We all need positive signs of growth in these precarious times, and that, for Turkey, comes in the form of it’s Air Cargo division of Turkish Airlines, which in the first half of 2020 grew by 67%, and increased its market share by 1.5%.
Onur Okutur, the Turkey Director of Kearney, the global management consultancy who carried out the research of global air carrier businesses mentioned that ‘with the increased average usage time of wide-body cargo aircraft to 11 hours per day in June, even passenger planes had to be used for cargo, as other planes reached full capacity.’
What worked in their favour, certainly over the last 6 months, was that Turkish Cargo were one of the first to respond to the pandemic, and they recognised the urgency at which they needed to be open to provide the pharmaceutical, medical equipment & masks that their own country & the world needed, plus given that they service more than 300 destinations in 127 countries, and have over 300 aircraft, it was vital that they put the necessary plans in place, to be ready for when the world called.
Turhan Ozen who is the Deputy General Manager and Chief Cargo Officer for THY, noted that ‘We responded very fast to the changes bought about by the pandemic right from when the cases first started emerging, plus, in this difficult period when the global transportation network has come to a standstill, we were still highly motivated to provide what was needed to our humanitarian community’.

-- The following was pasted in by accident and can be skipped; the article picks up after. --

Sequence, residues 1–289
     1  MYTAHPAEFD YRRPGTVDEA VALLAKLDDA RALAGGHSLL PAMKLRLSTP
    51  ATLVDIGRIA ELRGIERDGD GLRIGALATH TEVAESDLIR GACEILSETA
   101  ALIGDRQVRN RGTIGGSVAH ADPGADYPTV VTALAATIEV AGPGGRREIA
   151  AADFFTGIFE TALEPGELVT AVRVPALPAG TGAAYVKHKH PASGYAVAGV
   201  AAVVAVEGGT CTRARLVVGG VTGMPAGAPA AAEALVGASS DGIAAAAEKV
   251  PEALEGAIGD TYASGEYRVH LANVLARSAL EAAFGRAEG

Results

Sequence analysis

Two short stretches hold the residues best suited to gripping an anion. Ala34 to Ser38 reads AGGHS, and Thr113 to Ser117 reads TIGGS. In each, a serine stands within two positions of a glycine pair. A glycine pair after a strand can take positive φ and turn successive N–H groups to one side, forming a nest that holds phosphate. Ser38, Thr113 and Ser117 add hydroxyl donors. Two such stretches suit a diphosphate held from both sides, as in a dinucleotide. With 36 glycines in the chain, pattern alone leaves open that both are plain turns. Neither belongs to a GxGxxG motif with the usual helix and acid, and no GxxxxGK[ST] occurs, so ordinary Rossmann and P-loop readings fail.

Kearney’s report also goes on to mention that the cargo industry was always going to benefit slightly more during the pandemic given the sharp increases in shipping costs, due to restraints placed on capacity, for example ships from Asia to America now charging up to $20 per kg, rather than a pre-pandemic cost of between $3-4.
It wasn’t just Turkish Airlines of course that took part in the global effort, and who also increased capacity during this time, with both Lufthansa and Air Canada gaining a special mention.